Enhanced Surveillance for Breast Cancer in Patients at High Risk

👉Women with genetic predisposition to breast cancer tend to develop the disease at a younger age, when breast tissue is dense and the sensitivity of mammography is low.

👉The sensitivity of MRI ranges from 77% to 100% in high-risk women (compared with 12.5% to 40.0% for mammography) and the specificity from 81.0% to 98.9% (compared with 93% to 100% for mammography).

👉The false positive rate is higher for magnetic resonance imaging (MRI) than mammography but not excessively so.

👉Screening MRI increases the diagnosis of smaller, lymph node–negative breast cancers but has not yet been shown to improve survival.

👉Per NCCN guidelines, women with a genetic predisposition to breast cancer should be familiar with their breasts and report any changes to their health care provider.

👉This breast awareness can include periodic, consistent breast self-examination and should begin at age 18.

👉Clinical breast examinations by a health care provider should be done every 6 to 12 months starting at age 20 to 25 years or 5 to 10 years before the earliest known breast cancer in the family (whichever comes first).

👉Enhanced surveillance includes breast imaging starting between ages 20 and 29 years in Li-Fraumeni syndrome, between 25 and 29 years in hereditary breast and ovarian cancer syndrome, and between 30 and 35 years in Cowden syndrome, or 5 to 10 years before the earliest known breast cancer in the family (whichever comes first).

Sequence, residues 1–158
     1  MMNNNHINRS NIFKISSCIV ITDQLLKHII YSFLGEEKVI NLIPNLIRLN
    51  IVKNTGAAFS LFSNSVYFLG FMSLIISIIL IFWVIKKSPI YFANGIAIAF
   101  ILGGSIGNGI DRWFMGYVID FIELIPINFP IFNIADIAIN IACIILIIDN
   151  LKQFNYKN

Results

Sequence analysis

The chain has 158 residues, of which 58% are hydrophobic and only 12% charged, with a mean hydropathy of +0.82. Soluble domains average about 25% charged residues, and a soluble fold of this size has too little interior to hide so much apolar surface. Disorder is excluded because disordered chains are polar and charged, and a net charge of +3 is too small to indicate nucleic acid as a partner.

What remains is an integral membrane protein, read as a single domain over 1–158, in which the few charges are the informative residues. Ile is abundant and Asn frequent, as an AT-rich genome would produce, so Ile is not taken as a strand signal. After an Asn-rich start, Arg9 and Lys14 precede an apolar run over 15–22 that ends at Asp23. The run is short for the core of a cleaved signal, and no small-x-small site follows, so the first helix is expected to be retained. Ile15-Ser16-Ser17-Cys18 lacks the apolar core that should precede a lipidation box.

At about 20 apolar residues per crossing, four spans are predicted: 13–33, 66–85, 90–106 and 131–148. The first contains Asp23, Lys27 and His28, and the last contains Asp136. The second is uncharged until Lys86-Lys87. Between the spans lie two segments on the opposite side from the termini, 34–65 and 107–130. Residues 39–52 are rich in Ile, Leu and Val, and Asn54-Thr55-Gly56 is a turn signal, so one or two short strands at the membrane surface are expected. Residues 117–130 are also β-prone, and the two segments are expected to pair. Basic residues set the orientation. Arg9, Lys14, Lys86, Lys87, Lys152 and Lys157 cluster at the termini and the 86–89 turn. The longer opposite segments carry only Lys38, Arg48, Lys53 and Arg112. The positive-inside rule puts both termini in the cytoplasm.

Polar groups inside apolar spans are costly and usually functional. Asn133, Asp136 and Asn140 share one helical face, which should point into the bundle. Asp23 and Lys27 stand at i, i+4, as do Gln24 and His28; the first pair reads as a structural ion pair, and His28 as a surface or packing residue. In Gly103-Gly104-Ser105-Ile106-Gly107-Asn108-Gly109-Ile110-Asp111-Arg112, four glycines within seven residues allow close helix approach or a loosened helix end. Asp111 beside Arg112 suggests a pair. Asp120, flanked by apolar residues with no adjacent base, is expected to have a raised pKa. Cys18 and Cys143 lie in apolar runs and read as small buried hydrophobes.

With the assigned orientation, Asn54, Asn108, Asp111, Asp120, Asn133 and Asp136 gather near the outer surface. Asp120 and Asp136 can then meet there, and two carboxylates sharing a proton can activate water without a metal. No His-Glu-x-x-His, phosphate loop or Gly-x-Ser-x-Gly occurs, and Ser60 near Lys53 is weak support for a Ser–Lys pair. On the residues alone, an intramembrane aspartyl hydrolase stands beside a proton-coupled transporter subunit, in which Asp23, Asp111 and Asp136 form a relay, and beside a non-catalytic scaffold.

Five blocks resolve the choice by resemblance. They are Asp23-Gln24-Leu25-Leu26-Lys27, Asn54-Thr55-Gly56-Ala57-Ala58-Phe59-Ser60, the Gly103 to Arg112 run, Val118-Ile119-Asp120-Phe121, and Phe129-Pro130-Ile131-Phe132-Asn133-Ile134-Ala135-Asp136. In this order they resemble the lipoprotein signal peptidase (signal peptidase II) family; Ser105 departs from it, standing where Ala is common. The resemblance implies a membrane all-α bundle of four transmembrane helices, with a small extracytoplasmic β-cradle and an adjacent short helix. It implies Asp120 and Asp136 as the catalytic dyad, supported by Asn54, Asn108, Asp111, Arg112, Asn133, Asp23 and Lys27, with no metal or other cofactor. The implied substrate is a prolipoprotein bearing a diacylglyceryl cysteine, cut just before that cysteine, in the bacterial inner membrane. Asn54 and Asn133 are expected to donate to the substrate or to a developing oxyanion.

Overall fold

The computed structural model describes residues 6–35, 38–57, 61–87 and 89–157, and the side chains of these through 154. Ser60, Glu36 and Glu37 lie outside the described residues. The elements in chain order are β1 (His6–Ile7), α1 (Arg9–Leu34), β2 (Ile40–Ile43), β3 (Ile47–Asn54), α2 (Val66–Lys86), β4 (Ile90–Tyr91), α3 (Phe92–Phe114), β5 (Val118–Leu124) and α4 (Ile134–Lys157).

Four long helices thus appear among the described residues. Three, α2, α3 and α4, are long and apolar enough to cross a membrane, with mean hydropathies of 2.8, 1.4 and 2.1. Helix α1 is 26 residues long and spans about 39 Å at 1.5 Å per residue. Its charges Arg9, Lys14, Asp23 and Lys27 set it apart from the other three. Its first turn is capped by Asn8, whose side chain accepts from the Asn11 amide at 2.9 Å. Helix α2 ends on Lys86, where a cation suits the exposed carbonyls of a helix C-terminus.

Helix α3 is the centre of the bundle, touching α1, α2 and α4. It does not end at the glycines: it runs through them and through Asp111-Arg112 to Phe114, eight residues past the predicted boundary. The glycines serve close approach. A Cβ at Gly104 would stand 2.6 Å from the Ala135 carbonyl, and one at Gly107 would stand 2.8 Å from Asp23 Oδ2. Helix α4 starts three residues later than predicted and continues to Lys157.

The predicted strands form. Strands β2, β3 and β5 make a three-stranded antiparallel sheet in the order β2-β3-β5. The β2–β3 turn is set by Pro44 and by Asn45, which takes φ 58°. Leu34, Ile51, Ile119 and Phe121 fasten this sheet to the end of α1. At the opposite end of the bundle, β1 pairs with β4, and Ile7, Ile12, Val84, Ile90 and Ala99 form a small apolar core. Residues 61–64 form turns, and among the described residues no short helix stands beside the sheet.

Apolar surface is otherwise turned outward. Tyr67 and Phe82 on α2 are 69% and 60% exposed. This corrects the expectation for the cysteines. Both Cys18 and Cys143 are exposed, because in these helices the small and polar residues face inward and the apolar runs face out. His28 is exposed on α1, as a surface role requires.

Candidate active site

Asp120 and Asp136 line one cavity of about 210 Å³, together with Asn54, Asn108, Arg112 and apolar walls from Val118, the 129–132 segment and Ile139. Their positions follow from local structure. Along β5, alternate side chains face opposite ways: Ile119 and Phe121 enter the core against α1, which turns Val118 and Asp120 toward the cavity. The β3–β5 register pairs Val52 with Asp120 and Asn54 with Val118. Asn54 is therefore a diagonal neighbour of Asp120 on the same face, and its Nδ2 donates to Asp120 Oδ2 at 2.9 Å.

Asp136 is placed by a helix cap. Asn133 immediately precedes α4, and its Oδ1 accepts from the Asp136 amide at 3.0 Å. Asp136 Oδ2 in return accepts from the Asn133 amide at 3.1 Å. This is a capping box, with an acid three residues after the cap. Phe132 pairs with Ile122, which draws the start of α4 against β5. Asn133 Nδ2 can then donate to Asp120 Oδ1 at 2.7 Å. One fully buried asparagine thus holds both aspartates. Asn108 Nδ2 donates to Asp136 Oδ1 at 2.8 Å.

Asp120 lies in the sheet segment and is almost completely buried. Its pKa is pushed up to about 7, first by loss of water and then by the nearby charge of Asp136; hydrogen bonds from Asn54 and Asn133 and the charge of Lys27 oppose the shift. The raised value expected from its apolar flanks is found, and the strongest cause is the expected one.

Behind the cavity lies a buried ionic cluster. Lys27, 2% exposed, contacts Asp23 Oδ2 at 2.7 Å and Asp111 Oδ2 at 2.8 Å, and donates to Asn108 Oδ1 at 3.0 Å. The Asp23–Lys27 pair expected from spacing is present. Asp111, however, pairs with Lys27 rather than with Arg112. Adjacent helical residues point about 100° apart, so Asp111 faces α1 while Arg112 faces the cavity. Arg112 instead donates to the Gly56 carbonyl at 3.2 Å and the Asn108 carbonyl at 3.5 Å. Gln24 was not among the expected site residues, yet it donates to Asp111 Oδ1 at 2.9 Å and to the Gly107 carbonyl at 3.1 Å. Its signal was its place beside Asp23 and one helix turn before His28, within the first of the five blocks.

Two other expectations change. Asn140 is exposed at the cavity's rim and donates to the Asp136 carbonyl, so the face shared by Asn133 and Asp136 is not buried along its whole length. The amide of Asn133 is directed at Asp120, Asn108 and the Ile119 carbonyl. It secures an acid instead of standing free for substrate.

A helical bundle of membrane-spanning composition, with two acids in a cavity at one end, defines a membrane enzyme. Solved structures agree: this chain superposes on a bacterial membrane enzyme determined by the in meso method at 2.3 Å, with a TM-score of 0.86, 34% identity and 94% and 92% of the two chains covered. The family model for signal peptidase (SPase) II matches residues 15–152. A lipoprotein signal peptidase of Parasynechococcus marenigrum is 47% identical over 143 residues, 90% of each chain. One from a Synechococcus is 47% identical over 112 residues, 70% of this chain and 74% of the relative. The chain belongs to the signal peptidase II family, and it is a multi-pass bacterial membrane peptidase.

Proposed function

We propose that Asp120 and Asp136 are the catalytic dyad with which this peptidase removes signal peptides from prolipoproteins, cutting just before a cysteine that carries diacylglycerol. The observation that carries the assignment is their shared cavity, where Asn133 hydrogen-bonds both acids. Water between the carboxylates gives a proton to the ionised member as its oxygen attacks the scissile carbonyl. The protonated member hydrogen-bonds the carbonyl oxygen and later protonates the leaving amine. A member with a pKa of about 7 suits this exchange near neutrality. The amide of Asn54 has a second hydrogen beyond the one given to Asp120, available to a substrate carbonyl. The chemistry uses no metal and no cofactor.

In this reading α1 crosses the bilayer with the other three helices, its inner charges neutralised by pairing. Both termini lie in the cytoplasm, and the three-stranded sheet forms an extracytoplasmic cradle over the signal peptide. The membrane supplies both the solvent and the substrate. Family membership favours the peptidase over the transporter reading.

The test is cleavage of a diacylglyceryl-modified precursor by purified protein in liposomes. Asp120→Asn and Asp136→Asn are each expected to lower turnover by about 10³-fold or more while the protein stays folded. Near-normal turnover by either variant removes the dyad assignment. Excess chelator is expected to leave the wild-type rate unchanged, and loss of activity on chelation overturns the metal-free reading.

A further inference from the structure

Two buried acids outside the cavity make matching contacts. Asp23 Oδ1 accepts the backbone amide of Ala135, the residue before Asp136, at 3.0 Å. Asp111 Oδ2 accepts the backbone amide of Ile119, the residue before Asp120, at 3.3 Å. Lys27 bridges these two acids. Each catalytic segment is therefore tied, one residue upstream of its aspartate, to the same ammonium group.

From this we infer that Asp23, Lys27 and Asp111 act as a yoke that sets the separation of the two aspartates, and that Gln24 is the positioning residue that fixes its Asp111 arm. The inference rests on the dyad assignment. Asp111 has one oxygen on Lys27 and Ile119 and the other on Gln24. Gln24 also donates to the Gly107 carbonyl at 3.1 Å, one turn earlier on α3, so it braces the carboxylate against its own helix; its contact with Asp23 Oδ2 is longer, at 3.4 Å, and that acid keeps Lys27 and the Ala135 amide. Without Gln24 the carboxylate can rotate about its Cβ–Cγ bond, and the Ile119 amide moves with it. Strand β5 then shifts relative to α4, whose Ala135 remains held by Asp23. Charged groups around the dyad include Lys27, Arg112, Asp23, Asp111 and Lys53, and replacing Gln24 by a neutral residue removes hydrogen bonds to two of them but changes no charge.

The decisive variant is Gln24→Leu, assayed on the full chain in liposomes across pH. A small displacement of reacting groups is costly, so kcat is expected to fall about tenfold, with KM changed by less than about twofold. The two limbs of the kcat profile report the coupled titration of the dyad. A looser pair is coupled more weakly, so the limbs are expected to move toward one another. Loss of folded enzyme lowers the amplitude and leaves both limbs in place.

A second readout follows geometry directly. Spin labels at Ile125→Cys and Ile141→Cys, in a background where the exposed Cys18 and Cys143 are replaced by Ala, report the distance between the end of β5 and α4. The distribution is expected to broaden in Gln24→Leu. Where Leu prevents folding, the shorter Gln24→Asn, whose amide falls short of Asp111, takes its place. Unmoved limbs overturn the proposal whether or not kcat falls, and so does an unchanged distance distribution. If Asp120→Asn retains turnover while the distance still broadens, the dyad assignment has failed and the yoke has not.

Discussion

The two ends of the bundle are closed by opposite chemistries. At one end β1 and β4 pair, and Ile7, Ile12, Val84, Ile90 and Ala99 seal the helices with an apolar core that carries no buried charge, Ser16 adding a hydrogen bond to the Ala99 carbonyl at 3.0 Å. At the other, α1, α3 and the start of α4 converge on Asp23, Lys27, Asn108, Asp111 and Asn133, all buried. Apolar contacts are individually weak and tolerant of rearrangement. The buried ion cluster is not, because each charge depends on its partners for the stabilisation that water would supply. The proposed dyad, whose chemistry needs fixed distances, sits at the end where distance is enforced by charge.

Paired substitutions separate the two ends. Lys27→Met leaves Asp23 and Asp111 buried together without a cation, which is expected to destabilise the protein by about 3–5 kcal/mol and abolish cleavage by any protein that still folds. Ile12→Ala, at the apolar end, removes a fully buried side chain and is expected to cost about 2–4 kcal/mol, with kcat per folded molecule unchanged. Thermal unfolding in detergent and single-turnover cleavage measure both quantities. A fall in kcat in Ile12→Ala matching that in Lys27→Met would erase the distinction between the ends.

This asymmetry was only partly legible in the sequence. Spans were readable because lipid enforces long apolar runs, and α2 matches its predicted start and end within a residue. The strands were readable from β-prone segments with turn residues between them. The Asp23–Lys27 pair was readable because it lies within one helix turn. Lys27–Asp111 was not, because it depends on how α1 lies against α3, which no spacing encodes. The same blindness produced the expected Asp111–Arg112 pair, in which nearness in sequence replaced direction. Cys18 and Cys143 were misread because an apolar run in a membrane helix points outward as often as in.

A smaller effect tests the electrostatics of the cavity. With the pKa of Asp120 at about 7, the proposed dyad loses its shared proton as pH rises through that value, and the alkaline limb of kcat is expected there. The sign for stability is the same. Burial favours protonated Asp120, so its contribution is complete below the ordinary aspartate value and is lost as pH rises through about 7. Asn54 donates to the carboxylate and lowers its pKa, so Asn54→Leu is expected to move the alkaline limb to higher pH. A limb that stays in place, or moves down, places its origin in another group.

👉Mammography and breast MRI are usually obtained yearly at 6-month intervals.

👉Annual mammography is generally not recommended before age 30 because of evidence that exposure to diagnostic radiation before age 30 is associated with an increased breast cancer risk.

👉The American Cancer Society supports screening MRI for anyone with lifetime breast cancer risk greater than 20%.

👉This would include most anyone with a pathogenic mutation in any of the established breast cancer predisposition genes included in the modern genetic testing panels.

👉The NCCN guidelines have specifically endorsed enhanced surveillance with MRI for BRCA1, BRCA2, ATM, CDH1,CHEK2, NBN, NF1, PALB2, PTEN, STK11, and TP53.

👉There are no established guidelines for ovarian cancer screening.

👉Transvaginal sonography and cancer antigen 125 measurements can be performed every 6 months at the physician’s discretion, but this approach will not diagnose ovarian cancer at an earlier, more treatable stage and will not improve survival.

👉It is not a substitute for bilateral salpingo-oophorectomy.

👉Men with a BRCA1 or BRCA2 mutation should practice breast self-examination starting at age 35.

👉Routine screening mammography is not recommended.

👉Prostate cancer screening with digital rectal examination and prostate-specific antigen measurements is recommended for BRCA2 mutation carriers beginning at age 40.

#Arrangoiz #BreastSurgeon #CancerSurgeon #SurgicalOncologist

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